Bar Night – March 24, 2007 – Hustled
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It was bound to happen sooner or later and in reality it only cost the bar about two bucks.
It’s pool league night and the bar is pretty hopping. I normally don’t work Saturdays unless a band is playing but I was needed to cover, so in I went. The leagues run an eight-five dollar tab and work off of that. It brings the bar easy money since it’s paid upfront, and generally the players buy over and above that.
One of the old-timers came in this evening. I heart him. He has wonderful stories and is extremely charming. He’s got a lovely girlfriend who can’t get out much due to infirmary and age, but he speaks of her so fondly. He smokes a pipe and has this ancient Zippo lighter that flares like a mini-nova when he opens it. As he often will, he buys the entire bar a round, even his favorite barmaids. This is already on top of the two rounds our friend Jochen has bought me earlier in the evening. Lucky for me it’s the cheap stuff and I metabolize it quickly.
A woman and a younger man wander in. She’s dressed in a leopard print tunic with matching stretch pants (you heard me) and had gigantic boobs untethered by any support garments. Seriously, they are swinging down around her waist. She’s not fat but she’s not skinny either. She’s what most Black women look like after a life of baby-birthin, fried chicken, and the kind of exercise as strenuous as a walk to the corner bus stop. They (that would be the woman and guy, not her boobs) look around (but god, that would be funny), seemingly undecided if they are going to stay. The pool league has pretty much broken up by this time and there are only a handful of players left. She remarks on how not busy it is. Our charming gentleman (we’ll call him Winston) offers to buy them a drink and they willingly accept. She says she’s from down the street and was just stopping buy to check the place out. I erroneously think she means the bar down the street as it’s not uncommon for fellow owners to drop by to check the place out.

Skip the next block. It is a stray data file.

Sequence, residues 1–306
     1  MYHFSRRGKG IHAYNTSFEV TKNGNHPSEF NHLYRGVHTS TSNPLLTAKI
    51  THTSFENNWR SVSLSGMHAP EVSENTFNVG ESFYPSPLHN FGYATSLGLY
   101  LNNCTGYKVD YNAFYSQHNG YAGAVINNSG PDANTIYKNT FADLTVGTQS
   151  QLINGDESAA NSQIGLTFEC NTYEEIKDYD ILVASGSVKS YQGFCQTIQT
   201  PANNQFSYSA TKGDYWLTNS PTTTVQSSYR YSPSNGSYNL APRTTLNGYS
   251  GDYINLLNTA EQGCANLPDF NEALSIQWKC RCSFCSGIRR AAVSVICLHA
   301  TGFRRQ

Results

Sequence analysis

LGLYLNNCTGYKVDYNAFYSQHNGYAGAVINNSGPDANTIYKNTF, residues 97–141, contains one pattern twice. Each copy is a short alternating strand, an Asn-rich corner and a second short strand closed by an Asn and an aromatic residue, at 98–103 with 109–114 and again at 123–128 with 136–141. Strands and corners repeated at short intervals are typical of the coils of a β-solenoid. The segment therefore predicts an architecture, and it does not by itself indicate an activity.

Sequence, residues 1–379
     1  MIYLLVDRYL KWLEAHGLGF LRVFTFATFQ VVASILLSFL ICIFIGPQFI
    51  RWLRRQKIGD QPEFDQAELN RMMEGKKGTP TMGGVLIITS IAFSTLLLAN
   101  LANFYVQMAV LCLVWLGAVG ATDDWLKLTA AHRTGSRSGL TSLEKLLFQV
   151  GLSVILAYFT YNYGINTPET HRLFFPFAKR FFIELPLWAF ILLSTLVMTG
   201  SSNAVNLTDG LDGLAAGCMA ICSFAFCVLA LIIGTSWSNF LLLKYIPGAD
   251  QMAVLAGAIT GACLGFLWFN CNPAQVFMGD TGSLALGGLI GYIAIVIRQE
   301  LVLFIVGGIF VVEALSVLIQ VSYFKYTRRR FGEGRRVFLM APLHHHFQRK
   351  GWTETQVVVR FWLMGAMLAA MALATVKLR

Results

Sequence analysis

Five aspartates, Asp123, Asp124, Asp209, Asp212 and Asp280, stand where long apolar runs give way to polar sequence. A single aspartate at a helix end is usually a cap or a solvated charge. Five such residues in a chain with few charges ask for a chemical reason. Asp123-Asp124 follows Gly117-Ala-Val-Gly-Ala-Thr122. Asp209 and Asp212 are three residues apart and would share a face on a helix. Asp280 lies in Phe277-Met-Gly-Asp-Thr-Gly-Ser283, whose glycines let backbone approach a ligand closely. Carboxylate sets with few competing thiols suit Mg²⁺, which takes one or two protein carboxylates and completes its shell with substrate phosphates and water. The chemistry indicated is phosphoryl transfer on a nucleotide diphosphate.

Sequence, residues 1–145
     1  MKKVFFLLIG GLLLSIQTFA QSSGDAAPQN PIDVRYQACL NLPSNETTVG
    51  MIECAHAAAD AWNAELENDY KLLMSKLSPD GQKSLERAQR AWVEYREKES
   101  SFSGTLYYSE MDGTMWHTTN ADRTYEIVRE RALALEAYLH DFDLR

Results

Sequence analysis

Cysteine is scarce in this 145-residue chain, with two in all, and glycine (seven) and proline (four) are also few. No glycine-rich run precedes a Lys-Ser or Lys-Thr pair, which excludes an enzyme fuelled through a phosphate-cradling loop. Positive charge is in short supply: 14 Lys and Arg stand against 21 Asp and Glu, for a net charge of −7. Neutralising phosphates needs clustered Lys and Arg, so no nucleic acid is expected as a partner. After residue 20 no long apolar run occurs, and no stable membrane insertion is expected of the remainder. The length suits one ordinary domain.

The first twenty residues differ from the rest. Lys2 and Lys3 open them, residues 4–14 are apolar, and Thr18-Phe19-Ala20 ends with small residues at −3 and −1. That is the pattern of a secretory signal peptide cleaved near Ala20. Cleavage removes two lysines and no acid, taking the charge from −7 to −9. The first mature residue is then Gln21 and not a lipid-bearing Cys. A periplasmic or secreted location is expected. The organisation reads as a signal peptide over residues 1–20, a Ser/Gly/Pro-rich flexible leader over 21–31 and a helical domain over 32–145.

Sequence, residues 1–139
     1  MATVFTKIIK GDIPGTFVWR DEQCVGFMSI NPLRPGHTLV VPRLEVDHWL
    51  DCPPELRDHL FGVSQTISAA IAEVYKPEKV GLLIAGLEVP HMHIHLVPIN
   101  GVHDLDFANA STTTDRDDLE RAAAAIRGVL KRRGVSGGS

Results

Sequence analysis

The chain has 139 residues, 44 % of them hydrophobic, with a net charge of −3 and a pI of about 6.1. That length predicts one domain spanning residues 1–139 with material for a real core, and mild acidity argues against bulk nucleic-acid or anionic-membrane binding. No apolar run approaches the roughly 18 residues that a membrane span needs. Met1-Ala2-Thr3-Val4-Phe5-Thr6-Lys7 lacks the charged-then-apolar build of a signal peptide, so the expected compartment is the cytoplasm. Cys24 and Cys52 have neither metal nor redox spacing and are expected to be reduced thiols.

She bellies up and she and the younger man have a Corona and a Mike’s Hard Lemonade. She remarks (and repeatedly over the course of the evening) what a nice place the bar is and she just might have her birthday there. Winston strikes up a conversation about everything and nothing, and they pretty much spend the evening talking. It means I don’t have to babysit her or worry that she’s not having a good time. While I personally despise bartenders who hover, the people who frequent out little bar seem to like the attention. Meanwhile the younger man plays a round of pool with the straggling members of the league. About thirty minutes later, two girls walk in, introduced as the daughters of the woman and one of them is married to the younger gentleman who has found himself involved in a game of pool. Winston also offers them a drink, and after complaining how we don’t carry Colt 45 they settle on strawberry daiquiris, which are always a challenge to make because the blender is ancient.
Winston buys another round, and the woman tells me that her son in law wants another Corona but he’ll be paying for it himself. He’s not there to confirm this but one is set out for him anyway.
The younger guy leaves and the girls engage the pool league, now down to one member, to a game. They cobble money together to play tunes on the jukebox, which is fine, except they held up a game in progress to do it. Ten minutes. At one point after breaking, one of the girls actually left the bar to go buy smokes. They also complained that they needed stronger drinks because the daiquiris just weren’t cutting it. They bummed smokes off of me and complained that we really should sell them. By then Winston has stopped offering drinks because he was heading home.